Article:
This century is always looking at improving new super high speed technology to make life easier. On the other hand, beckoning as an emerging fierce reversal force to equally match or dominate this life enhancing super new tech, comes swift human adversaries which seem to have come to make living on earth even more difficult.

The recent discovery of a pandemic, Covid-19, which moves at a pace of unimaginable and unpredictable proportions; locking people inside homes and barring human interactions with its dreaded death threat, is currently being felt.

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Finance Committee cautions Gov’t against imprudent raising of debt levels

21st September 2020
Finance Committe Chairman: Thapelo Letsholo

Member of Parliament for Kanye North, Thapelo Letsholo has cautioned Government against excessive borrowing and poorly managed debt levels.

He was speaking in  Parliament on Tuesday delivering  Parliament’s Finance Committee report after assessing a  motion that sought to raise Government Bond program ceiling to P30 billion, a big jump from the initial P15 Billion.

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Gov’t Investment Account drying up fast!  

21st September 2020
Dr Matsheka

Government Investment Account (GIA) which forms part of the Pula fund has been significantly drawn down to finance Botswana’s budget deficits since 2008/09 Global financial crises.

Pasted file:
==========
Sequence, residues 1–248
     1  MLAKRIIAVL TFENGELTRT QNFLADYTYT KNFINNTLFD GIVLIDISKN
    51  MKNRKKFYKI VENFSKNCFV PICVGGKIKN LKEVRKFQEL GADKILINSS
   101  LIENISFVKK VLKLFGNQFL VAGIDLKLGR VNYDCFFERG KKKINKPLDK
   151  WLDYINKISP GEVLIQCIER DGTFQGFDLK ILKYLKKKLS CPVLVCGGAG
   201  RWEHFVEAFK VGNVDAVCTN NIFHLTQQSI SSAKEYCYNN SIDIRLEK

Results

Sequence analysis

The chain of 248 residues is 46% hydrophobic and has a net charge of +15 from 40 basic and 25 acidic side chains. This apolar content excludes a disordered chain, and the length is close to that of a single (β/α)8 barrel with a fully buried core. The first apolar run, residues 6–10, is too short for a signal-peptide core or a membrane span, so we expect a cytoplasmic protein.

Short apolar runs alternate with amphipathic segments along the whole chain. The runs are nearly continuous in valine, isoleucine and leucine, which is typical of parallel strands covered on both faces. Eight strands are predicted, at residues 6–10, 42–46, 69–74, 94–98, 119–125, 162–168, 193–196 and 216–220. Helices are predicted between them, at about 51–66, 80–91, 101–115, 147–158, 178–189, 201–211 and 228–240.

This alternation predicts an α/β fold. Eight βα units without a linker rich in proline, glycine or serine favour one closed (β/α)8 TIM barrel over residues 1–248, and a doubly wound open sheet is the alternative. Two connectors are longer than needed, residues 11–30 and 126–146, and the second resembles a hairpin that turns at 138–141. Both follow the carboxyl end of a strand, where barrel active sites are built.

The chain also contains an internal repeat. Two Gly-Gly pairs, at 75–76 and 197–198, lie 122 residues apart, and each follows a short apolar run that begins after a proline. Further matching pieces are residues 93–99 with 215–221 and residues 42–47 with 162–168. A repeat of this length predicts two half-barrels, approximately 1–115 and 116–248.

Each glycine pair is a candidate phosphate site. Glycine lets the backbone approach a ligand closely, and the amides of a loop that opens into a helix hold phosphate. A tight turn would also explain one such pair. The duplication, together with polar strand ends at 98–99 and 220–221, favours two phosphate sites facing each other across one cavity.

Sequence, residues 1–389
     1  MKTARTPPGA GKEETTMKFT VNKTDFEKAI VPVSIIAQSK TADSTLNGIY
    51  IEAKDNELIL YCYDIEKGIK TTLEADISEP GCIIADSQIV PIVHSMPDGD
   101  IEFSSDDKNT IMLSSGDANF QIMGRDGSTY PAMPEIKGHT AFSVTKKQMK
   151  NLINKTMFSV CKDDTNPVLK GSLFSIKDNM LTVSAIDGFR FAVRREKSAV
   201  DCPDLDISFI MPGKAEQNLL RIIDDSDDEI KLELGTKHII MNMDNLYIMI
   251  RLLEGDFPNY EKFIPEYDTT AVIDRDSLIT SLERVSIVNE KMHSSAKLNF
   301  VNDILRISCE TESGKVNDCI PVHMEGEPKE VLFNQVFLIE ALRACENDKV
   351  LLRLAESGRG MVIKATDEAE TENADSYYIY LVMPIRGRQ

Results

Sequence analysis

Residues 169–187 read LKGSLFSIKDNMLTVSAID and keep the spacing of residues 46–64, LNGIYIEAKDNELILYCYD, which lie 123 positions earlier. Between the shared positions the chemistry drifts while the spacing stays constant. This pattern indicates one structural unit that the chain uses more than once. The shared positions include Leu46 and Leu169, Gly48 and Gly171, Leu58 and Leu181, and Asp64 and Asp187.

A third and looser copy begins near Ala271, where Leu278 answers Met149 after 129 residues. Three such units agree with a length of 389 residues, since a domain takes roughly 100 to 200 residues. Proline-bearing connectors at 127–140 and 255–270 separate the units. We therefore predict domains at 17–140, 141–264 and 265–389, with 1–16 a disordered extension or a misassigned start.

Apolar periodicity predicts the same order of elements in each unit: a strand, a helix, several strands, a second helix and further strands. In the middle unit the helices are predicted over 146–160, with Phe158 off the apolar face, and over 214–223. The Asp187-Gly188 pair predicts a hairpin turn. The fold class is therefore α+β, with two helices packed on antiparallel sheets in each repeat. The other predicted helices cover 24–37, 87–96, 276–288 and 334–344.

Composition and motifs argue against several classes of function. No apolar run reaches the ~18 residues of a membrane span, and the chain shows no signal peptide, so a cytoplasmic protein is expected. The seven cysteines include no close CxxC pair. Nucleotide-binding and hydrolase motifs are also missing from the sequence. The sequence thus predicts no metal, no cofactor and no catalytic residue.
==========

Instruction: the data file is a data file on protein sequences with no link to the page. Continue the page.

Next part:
The 2009 global economic recession triggered the collapse of financial markets in the United States, sending waves of shock across world economies, eroding business sentiment, and causing financiers of trade to excise heightened caution and hold onto their cash.

The ripple effects of this economic catastrophe were mostly felt by low to middle income resource based economies, amplifying their vulnerability to external shocks. The diamond industry which forms the gist of Botswana’s economic make up collapsed to zero trade levels across the entire value chain.

The Upstream, where Botswana gathers much of its diamond revenue was adversely impacted by muted demand in the Midstream. The situation was exacerbated by zero appetite of polished goods by jewelry manufacturers and retail outlets due to lowered tail end consumer demand.

This resulted in sharp decline of Government revenue, ballooned budget deficits and suspension of some developmental projects. To finance the deficit and some prioritized national development projects, government had to dip into cash balances, foreign reserves and borrow both externally and locally.

Much of drawing was from Government Investment Account as opposed to drawing from foreign reserve component of the Pula Fund; the latter was spared as a fiscal buffer for the worst rainy days.

Consequently this resulted in significant decline in funds held in the Government Investment Account (GIA). The account serves as Government’s main savings depository and fund for national policy objectives.

However as the world emerged from the 2009 recession government revenue graph picked up to pre recession levels before going down again around 2016/17 owing to challenges in the diamond industry.